Fever Ray inhabits an incalculably black landscape populated by pagan saints, tribal warlords, and wanderers wearing corpse paint. This is how the solo output of Karin Dreijer Andersson (she also of Sweden’s mighty The Knife) has been crafted, and it’s no wonder: Andersson’s music dwells in a haunting fog of dark synthesizers and deep percussion, and she refers to her differently augmented on-record voices as “my bunch of pitched friends”—individual characters with separate weird inclinations and emotions. Behind Fever Ray’s show tonight at Metro, The A.V. Club spoke with Andersson about her oddly inviting and wholly inimitable world.
The A.V. Club: The Fever Ray album has a very visual quality to it, as if the sounds convey some sort of spatial placement. Is that something you seek to communicate on record?
Karin Dreijer Andersson: Yes. When I start to write and record a track, I always think about where it is supposed to take place, what kind of room that is, and what kind of atmosphere it should have. Also how it should be performed, and by what kind of musicians or vocalists. I work in a very theatrically minded sort of way.
AVC: You’ve put together a very theatrical performance—including a full band, costumes and visuals. What were you hoping to achieve or represent in working with artist Andreas Nilsson to design the show?
KDA: It was a lot of experimenting. I worked very closely with Andreas, and we’d discussed a certain kind of character inspired by pictures we’d gathered of early Europeans, Native Americans, and Inuit people. We took details from very primitive cultures in order to create something that would go with the sound of the music. We work a lot with the idea of a ritual going on, so we’ll start by filling the room with smoke and build from there. Of course, sometimes it doesn’t work, like when we play outdoors at festivals and all the smoke blows away. Then it’s just us standing there looking stupid.
AVC: Do you like that element of chance—that something could go wrong?
KDA: Yes. What we do is a thin line between an elementary-school Christmas play and something very strange where you don’t really know what’s going on at all. There are so many things that must happen for it to go well—the smoke, the lights, the expensive high-tech lasers that we use. It’s sometimes a hassle, but I do like all those risk elements.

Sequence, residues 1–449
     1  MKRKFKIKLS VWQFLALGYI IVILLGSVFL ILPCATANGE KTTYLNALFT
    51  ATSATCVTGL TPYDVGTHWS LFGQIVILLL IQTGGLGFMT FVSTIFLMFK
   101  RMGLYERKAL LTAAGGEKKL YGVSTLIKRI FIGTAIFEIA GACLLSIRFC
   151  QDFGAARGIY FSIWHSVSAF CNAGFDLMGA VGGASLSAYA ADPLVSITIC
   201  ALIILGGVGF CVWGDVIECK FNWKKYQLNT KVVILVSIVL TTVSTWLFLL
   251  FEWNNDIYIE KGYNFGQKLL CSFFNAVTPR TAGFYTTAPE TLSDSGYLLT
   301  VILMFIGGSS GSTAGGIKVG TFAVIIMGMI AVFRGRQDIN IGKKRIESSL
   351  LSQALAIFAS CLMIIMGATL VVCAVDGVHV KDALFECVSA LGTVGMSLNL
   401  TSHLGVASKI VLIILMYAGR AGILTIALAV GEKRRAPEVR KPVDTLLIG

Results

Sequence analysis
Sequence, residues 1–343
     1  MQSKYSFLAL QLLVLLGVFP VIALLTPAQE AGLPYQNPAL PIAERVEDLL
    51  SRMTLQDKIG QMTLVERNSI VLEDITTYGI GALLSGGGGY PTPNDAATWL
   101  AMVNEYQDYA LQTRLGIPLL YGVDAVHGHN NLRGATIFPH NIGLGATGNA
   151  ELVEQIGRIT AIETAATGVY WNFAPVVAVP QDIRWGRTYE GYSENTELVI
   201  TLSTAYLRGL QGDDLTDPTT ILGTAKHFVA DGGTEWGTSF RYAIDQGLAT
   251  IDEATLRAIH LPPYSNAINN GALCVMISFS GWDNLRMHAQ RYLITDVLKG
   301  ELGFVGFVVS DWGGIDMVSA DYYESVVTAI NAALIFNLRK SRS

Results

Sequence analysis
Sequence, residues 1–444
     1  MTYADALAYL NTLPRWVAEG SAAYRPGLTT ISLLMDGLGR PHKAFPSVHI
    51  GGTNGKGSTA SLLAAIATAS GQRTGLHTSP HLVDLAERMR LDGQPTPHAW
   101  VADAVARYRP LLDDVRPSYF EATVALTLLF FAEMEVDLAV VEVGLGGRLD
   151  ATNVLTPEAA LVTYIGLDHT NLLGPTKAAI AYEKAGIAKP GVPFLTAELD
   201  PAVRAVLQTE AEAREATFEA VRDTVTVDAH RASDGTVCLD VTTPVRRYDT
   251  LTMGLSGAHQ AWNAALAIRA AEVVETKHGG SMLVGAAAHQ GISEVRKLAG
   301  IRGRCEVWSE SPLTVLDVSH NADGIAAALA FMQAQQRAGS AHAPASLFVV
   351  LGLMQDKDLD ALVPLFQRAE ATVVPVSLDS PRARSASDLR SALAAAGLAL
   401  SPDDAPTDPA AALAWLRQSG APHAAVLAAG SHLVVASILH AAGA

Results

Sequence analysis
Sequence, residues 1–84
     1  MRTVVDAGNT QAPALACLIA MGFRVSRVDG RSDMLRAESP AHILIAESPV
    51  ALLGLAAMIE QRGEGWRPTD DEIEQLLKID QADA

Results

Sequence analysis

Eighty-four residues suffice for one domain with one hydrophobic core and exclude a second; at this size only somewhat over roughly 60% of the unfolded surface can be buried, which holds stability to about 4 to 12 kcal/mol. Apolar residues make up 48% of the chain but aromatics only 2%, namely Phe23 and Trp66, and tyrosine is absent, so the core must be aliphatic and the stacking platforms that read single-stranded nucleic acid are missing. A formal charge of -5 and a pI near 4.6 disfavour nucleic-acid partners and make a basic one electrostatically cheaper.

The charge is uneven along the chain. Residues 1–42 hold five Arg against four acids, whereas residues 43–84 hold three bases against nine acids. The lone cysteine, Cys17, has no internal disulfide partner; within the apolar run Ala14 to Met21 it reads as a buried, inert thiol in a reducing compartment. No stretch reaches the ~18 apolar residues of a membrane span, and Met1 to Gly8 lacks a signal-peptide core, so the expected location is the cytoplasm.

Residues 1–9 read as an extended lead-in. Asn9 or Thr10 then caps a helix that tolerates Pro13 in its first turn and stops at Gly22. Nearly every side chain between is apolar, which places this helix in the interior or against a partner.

AVC: Your work is often described as dark or macabre. Do you feel that way about it?
KDA: No, I don’t see it as dark. It’s trying to find a tempo that’s primal and quite slow and tentative. Sometimes maybe the lyrics are about things that are, well, not the brightest, but I have been working with this outlook for such a long time that it’s not dark to me anymore. It’s just something that you work through and in the end, it’s a lot of happiness.
AVC: What attracts you to that more primal imagery that you mentioned?
KDA: I’m fascinated with people who practice religion or ritual. I think it’s interesting, especially nowadays, when somebody believes very strongly in something, because I don’t think that I do, personally. And I don’t think that Andreas does either. Maybe we’re trying to create something for ourselves…
AVC: Something that you can believe in as well?
KDA: Or just a room where you can listen to music and not be so influenced by anything too modern. I think that’s part of what attracts us to working with smoke—it is a really good way of signifying starting from scratch.
AVC: You’ve released four distinctive videos so far, each by a different director. What do you look for in choosing a director?
KDA: I tried to find directors that have a very clear way of telling stories themselves. I wanted to see their individual interpretations of the music without me interfering too much. I didn’t want to have to tell them too much.
AVC: The “Triangle Walks” video features several different faces singing different parts of your song. Are these characters close to those you imagined while recording?
KDA: Most of the people in that video are actually my live band, so no. [Laughs.] But for me, those characters were never so physical. It’s more about emotional territory—like someone who feels or thinks in a certain way, or who screams or whispers when she speaks.
AVC: You’ve mentioned that part of your reason for doing Fever Ray was to discover what kind of music you would make without outside influence. Do you have a better understanding of that now?
KDA: Yeah, but I realize it changes very fast. It’s been a year since we finished mixing the album, and I’m already somewhere else musically. It was a very good experience to work on my own again, to discover that I haven’t forgotten what it’s like, but I don’t really know what will happen next time I record.